Marketing and Technology should certainly work together at law firms. But unless your law firm also produces hi-tech gear, only one of those roles will be a transformational one in the long-term.
Andy Havens, Marketing Management Consultant and co-founder of Sanestorm Marketing. Questions, comments, and criticism welcome. Contact Andy at 1.877.SSTORM1 or [email protected].
Back in the caveman days, the first team of engineers in history went out and invented the wheel. Problem was, it was square. “Our customers,” the marketing director reported to the head of engineering, “are complaining about the bumpiness of the ride.”
“Ride too bumpy…” the chief engineering officer jotted down on his stone tablet, and off he went to correct the problem. A week later he and his team had a big unveiling ceremony at which they revealed… the triangular wheel.
“How is this an improvement?” asked the head of marketing, scratching his protuberant forehead?
“There are 25% fewer bumps per revolution!” crowed the head of engineering.
Transformational vs. transitional infrastructure
I love that wheel joke. In the ten years that I worked in the wireless industry I had the chance to work with many engineers, programmers and other technical professionals. Great folks, brilliant folks. Even earlier in my career I had been a network supervisor, a database programmer and technical writer. So my geek credentials, while not terribly deep, are at least still valid in the U.S. I’ve taught myself dozens of different software applications, everything from Photoshop to Quark to 3D design software. My ability to and interest in bestriding the worlds of tech, marketing and legal administration is why I write for LLRX.com.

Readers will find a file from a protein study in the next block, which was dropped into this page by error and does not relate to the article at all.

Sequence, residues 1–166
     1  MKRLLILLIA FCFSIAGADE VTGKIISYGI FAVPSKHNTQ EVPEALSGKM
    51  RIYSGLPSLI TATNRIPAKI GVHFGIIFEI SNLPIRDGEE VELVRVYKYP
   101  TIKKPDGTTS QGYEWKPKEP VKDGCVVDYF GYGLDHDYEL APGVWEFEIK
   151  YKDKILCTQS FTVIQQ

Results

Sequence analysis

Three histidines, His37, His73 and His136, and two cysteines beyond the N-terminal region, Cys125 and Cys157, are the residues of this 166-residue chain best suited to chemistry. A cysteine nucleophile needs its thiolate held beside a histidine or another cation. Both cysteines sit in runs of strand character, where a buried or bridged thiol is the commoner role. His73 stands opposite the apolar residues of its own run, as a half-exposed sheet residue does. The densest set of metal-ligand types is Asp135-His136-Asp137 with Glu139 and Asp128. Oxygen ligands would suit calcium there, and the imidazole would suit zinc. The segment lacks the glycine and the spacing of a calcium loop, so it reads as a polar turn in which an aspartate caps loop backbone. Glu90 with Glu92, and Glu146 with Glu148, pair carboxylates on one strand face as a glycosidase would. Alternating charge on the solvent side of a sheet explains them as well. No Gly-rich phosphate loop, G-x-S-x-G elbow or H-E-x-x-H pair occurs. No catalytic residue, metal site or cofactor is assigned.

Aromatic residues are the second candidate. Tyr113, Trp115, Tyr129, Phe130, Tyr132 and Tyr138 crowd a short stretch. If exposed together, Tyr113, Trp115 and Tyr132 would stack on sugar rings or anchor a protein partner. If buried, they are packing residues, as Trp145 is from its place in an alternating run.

But this month I’m not going to talk about a particular piece of software, hardware, database, hot new trend on the Internet or a new way of leveraging an application for use in a legal marketing environment. This month I’m going to make a suggestion to all the Chief Information Officers out there. Whether you’re called an IT Director or VPs of Technical Services or Grand Frankenstein of Computerized Mayhem. You know what I mean. The person in charge of all the hi-tech gizmos, all the software, the connections, the cables, the PBX systems, the routers, the Ethernet stuff, etc. etc., Upgrades Without End, Amen.
Here’s my suggestion: stop messing with the marketing people. Start playing nice. Do it now before it’s too late. Why? Because IT is no longer a transformational technology in the legal industry.
It may, in fact, never have been transformational in the legal industry. The roil and boil in firms may have been splash-back from the rest of the world where the computer revolution truly did change the way many industries do business. Be that as it may, the sharp part of the curve for how computers will affect the way firms do business is, I believe, over. For the time being. The next big thing will be so big that we can’t predict it and so we shouldn’t worry about it. For the foreseeable future, though, what we’ve got now is transitional infrastructure rather than transformational. So all you IS Directors out there, now is the time to stop with the contest-territory-war behavior and begin working with your marketing counterparts. Because marketing was, is and always shall be transformational.
Marketing and IT Collaboration